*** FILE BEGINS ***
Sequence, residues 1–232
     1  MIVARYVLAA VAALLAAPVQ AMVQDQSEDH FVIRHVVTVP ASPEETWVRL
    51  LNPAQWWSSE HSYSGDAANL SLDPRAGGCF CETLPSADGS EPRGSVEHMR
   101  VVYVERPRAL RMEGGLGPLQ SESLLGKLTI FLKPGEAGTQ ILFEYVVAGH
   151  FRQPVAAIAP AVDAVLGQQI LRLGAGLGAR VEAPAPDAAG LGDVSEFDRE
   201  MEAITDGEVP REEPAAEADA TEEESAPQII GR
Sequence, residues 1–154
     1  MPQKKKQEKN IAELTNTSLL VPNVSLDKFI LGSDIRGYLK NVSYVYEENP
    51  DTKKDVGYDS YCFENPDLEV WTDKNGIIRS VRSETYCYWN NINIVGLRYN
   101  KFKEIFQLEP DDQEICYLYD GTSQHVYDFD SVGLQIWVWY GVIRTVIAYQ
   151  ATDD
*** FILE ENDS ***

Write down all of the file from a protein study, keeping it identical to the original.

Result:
Sequence, residues 1–232
     1  MIVARYVLAA VAALLAAPVQ AMVQDQSEDH FVIRHVVTVP ASPEETWVRL
    51  LNPAQWWSSE HSYSGDAANL SLDPRAGGCF CETLPSADGS EPRGSVEHMR
   101  VVYVERPRAL RMEGGLGPLQ SESLLGKLTI FLKPGEAGTQ ILFEYVVAGH
   151  FRQPVAAIAP AVDAVLGQQI LRLGAGLGAR VEAPAPDAAG LGDVSEFDRE
   201  MEAITDGEVP REEPAAEADA TEEESAPQII GR
Sequence, residues 1–154
     1  MPQKKKQEKN IAELTNTSLL VPNVSLDKFI LGSDIRGYLK NVSYVYEENP
    51  DTKKDVGYDS YCFENPDLEV WTDKNGIIRS VRSETYCYWN NINIVGLRYN
   101  KFKEIFQLEP DDQEICYLYD GTSQHVYDFD SVGLQIWVWY GVIRTVIAYQ
   151  ATDD